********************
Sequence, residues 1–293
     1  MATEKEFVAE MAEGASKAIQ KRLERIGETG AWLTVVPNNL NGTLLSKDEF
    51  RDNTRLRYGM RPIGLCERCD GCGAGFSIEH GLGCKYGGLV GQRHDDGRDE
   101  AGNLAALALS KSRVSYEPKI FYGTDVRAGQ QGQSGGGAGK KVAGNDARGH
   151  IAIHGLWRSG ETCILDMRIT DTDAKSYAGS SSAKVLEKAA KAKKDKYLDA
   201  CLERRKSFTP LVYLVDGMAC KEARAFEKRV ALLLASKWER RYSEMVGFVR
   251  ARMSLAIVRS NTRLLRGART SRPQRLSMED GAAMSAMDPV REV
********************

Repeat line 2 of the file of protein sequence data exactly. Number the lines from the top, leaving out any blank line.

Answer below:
     1  MATEKEFVAE MAEGASKAIQ KRLERIGETG AWLTVVPNNL NGTLLSKDEF